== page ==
Just saw this in my GMail…
@jangro is seeing it too. Fingers crossed.
Just saw this in my GMail…
@jangro is seeing it too. Fingers crossed.
So, I’m goofing around with possible Twitter clones and decided to leverage FriendFeed‘s aggregation of GTalk’s status update messages and see if that would work.
Here’s what it looks like:
Pretty nifty if you are using FriendFeed’s web service or using Twhirl to watch FriendFeed.
Plus, there are comments and groupings ftw.
After my whuffie post last week, I had a number of people ask me how to keep track of their social reputation beyond just doing Google searches on yourself or your company’s name.
First of all (and perhaps most importantly), you have to get an RSS reader (aka feed reader). You don’t have the time yada yada yada, but if you care about your online reputation or who is mentioning you or your company, then you certainly have the time. If you’re on Windows, grab FeedDemon (free). If you’re on a Mac, use NetNewsWire (free). If you’re on Linux, grab Liferea from the depositories. If you want to live “in the cloud” and use a web app, you can’t go wrong with Google Reader.
Got one? OK, next step… actually find places that have the data your’e looking for. Here’s how I do it for myself, CostPerNews, my podcast and Motive Interactive:
1. In your feed reader of choice, create a folder called “Vanity Searches” or “Social Graph.”
2. Grab the “Google Alerts” for all of the terms you need to watch. This is social reputation 101 and chances are you have heard of Google Alerts. However, it’s amazing to me how many online marketers don’t use the service. You can get email. This is delivered by email instead of RSS as well.
3. Google Blog Alerts works similarly to Google Alerts but is a little more comprehensive. There’s some redundancy with Alerts, but it’s still worth watching.
4. Another oldie but goodie is Technorati. While not always up to date or accurate, there’s still some value in watching your brand there. Just put in whatever term or name your watching in the search bar on the upper right and grab the feed on the results page by clicking the RSS button.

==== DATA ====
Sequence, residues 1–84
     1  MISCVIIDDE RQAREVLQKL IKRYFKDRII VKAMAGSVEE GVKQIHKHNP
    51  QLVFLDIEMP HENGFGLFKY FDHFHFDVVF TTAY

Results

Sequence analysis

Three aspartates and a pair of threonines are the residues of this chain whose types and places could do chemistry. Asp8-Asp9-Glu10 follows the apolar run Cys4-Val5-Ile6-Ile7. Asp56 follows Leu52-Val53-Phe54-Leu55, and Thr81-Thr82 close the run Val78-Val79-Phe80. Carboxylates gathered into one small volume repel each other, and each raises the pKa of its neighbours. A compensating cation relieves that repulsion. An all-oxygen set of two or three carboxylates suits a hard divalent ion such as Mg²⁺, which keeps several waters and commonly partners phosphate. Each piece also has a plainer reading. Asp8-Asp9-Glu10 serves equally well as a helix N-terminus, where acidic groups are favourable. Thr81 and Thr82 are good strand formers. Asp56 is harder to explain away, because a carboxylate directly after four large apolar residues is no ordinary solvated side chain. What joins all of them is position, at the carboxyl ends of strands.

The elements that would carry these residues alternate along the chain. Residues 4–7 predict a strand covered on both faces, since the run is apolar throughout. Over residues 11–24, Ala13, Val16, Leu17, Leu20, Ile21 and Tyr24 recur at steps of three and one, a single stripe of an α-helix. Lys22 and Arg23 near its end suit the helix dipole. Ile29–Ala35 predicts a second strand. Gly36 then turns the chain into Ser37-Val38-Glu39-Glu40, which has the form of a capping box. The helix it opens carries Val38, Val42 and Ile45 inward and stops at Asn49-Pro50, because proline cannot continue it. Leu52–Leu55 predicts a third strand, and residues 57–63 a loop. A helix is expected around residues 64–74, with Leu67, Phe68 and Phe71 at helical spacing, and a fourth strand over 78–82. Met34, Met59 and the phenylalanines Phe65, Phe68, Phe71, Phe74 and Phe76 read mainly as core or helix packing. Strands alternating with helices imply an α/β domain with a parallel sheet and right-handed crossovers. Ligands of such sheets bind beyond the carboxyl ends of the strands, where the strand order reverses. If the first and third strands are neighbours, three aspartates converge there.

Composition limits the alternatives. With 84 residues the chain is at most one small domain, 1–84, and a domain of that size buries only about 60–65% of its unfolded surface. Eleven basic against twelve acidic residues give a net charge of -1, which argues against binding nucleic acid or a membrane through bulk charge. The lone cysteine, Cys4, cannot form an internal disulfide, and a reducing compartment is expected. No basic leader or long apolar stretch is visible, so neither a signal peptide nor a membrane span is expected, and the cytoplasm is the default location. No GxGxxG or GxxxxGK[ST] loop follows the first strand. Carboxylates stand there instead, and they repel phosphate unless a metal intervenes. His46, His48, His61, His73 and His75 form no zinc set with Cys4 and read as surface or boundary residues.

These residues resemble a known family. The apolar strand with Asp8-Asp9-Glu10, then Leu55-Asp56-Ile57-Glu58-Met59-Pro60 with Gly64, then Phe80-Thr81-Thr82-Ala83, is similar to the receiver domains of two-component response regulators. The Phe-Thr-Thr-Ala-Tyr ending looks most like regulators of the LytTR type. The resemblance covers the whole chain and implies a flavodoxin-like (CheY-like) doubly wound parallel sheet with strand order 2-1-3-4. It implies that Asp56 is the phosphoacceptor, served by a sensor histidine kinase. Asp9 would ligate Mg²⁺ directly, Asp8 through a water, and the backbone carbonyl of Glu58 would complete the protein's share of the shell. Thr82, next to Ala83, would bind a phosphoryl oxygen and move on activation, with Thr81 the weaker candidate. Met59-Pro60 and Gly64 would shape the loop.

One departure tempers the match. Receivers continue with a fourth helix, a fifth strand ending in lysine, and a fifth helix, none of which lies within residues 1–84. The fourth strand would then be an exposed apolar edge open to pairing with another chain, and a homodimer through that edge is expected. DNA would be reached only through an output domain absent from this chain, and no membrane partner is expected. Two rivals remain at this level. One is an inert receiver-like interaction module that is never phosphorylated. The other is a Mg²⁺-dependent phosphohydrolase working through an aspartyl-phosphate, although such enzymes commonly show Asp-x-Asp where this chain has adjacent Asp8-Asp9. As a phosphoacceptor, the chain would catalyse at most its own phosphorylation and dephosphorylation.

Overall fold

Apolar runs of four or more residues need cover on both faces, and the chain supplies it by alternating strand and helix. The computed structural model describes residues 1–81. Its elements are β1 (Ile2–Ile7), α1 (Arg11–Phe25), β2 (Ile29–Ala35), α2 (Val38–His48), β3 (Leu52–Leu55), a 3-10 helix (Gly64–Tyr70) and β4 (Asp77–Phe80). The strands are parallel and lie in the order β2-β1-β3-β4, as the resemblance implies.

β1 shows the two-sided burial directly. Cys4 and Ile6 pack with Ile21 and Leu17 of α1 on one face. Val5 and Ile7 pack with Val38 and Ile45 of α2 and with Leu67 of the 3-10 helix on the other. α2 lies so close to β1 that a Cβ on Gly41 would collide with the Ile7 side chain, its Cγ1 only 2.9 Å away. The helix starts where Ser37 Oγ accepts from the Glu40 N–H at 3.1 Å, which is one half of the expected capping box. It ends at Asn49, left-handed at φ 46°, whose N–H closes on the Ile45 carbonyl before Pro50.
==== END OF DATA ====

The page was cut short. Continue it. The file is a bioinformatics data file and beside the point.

— Now that we’ve gotten the foundation out the way, let’s go to the good stuff —
5. Here’s an excellent “Yahoo Pipe” for keywords that monitors news sources from multiple sites such as Digg, Technorati, Yahoo News, PRWeb, and Google News. Just put in whatever term you’re looking to watch, hit “Run Pipe” and then click the RSS button beside “More Options” on the right. This is probably my favorite way to track things on the web.
6. The grandaddy of all Yahoo Pipes for vanity searching is the Social Media Firehose. Works the same way as the keyword pipe above but gives a wide blast of data. It’s valuable, but you have to weed through a lot of duplications. Still recommend.
7. While you’re at Yahoo Pipes, grab the “Twitter Reply Sniffer.” Basically, this is a way for you to stay aware of anyone that @’s you in Twitter (you’re not on Twitter? Geez). Put in the terms or names you’d like to keep track of and you’ll get a custom URL. You then have the option to receive new alerts via Google, email, phone or RSS. Click on that orange RSS button called “more options” over on the right and add it to your “Social Graph” folder in your feed reader when the prompt comes up. Presto.
8. If your company might have some mentions on YouTube, you can track user tags and mentions using this YouTube tag Pipe. Not useful for everyone, but still good to have in the old feed reader.
9. Along those same lines, you can’t go wrong with Summize. Instead of just monitoring @’s on Twitter, Summize notifies you anytime a term you specify is mentioned. Grab the RSS feed on the right and add it into your feed reader. Highly valuable.
10. FriendFeed is becoming a great way to keep track of how others perceive you in the social media space because it is one big aggregation ball of goo. However, you can make some sense of out that with FriendFeed’s nifty search feature. Just put in whatever you’re keeping track of and grab the RSS from the page (should be in the URL address bar). Add that to your feed reader for sure.
If you follow those 10 steps, you should have a pretty good grip on what people are saying about you on the social web from Twitter to FriendFeed to blogs to Digg to YouTube. My “social graph” folder in my feed reader is increasingly becoming the first place I go in the mornings for news just to see if there’s anything going on that I’ve missed or to see if there are any conversations I can have with fans, friends, foes or potential evangelists.
Hope this helps!
Shawn Collins, Jim Kukral, Lisa Picarille and I recorded GeekCast 21 on Tuesday. If you’re interested in how to recruit affiliates in this changing landscape, give it a listen…